0
We're unable to sign you in at this time. Please try again in a few minutes.
Retry
We were able to sign you in, but your subscription(s) could not be found. Please try again in a few minutes.
Retry
There may be a problem with your account. Please contact the AMA Service Center to resolve this issue.
Contact the AMA Service Center:
Telephone: 1 (800) 262-2350 or 1 (312) 670-7827  *   Email: subscriptions@jamanetwork.com
Error Message ......
Articles |

Status Asthmaticus in Children

Warren Richards, MD; Sheldon C. Siegel, MD; Jose Strauss, MD; M. Digby Leigh, MD
JAMA. 1967;201(2):75-81. doi:10.1001/jama.1967.03130020021005.
Text Size: A A A
Published online

An analysis was made of admission rates and patients hospitalized for status asthmaticus at the Children's Hospital of Los Angeles. Despite reports of increasing morbidity and mortality due to status asthmaticus, no significant trend in the admission rate was noted. However, seasonal increases of asthma admissions did occur (October and November), but the increases could not be fully correlated with any environmental factors. In a study of 142 patients, 41 (31%) of the 131 patients who had roentgenograms showed evidence of pneumonitis, suggesting infection as an important factor in status asthmaticus. Acidosis, hypoxia, and hypercapnia result from severe asthma, and frequent clinical and laboratory monitoring of the condition of asthma patients for these serious complications is essential. In addition to the customary treatment of asthma, these abnormalities may be combated by assisted ventilation (intermittent positive pressure breathing by mask or endotracheal tube), muscle relaxants, and alkalizing agents (sodium bicarbonate or tromethamine).

Topics

Sign in

Create a free personal account to sign up for alerts, share articles, and more.

Purchase Options

• Buy this article
• Subscribe to the journal

Figures

Tables

References

Letters

CME
Meets CME requirements for:
Browse CME for all U.S. States
Accreditation Information
The American Medical Association is accredited by the Accreditation Council for Continuing Medical Education to provide continuing medical education for physicians. The AMA designates this journal-based CME activity for a maximum of 1 AMA PRA Category 1 CreditTM per course. Physicians should claim only the credit commensurate with the extent of their participation in the activity. Physicians who complete the CME course and score at least 80% correct on the quiz are eligible for AMA PRA Category 1 CreditTM.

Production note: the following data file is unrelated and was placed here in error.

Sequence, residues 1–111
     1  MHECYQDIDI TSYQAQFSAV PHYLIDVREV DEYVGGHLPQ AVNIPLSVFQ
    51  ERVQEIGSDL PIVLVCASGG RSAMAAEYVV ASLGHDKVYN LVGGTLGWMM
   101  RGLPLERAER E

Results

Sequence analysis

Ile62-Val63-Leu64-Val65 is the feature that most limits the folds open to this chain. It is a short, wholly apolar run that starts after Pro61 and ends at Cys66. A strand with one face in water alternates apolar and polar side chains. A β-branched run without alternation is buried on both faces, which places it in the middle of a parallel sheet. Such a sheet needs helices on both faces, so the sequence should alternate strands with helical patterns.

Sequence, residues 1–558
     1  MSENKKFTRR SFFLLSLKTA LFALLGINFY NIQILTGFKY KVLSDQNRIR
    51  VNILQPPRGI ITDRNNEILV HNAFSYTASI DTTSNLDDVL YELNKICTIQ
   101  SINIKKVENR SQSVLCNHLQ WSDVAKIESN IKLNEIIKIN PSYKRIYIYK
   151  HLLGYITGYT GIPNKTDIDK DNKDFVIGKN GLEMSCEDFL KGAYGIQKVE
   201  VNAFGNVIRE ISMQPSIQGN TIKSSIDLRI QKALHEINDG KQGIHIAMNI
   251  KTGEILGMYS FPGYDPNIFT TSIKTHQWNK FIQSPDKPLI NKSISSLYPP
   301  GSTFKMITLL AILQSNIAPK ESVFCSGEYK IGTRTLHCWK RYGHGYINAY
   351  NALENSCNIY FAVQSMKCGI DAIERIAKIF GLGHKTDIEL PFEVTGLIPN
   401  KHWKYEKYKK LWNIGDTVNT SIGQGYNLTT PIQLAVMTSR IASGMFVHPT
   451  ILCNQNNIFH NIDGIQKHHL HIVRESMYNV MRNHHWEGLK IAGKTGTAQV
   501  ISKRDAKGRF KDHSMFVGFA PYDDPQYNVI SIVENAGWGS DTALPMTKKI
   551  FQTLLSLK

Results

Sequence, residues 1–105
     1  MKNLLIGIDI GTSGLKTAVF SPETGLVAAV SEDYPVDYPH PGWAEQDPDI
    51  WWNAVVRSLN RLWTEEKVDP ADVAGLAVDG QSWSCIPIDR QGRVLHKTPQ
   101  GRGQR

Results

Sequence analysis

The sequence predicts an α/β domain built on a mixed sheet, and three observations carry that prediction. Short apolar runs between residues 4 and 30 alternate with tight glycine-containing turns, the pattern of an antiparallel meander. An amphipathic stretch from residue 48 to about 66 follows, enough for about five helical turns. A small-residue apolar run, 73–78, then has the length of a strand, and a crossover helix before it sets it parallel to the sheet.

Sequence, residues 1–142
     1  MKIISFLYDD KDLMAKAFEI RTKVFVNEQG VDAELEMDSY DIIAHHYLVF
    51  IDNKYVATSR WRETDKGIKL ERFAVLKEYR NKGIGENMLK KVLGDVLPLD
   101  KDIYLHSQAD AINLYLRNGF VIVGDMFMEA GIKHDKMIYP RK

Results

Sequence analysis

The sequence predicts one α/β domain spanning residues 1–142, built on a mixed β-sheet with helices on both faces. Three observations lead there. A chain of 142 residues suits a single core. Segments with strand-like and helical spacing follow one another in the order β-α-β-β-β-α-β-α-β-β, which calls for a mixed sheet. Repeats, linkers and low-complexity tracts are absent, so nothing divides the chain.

Note: You must get at least of the answers correct to pass this quiz.
You have not filled in all the answers to complete this quiz
The following questions were not answered:
Sorry, you have unsuccessfully completed this CME quiz with a score of
The following questions were not answered correctly:
Commitment to Change (optional):
Indicate what change(s) you will implement in your practice, if any, based on this CME course.
Your quiz results:
The filled radio buttons indicate your responses. The preferred responses are highlighted
For CME Course: A Proposed Model for Initial Assessment and Management of Acute Heart Failure Syndromes
Indicate what changes(s) you will implement in your practice, if any, based on this CME course.

Multimedia

Some tools below are only available to our subscribers or users with an online account.

Sign in

Create a free personal account to sign up for alerts, share articles, and more.

Purchase Options

• Buy this article
• Subscribe to the journal

Related Content

Customize your page view by dragging & repositioning the boxes below.

Jobs
brightcove.createExperiences();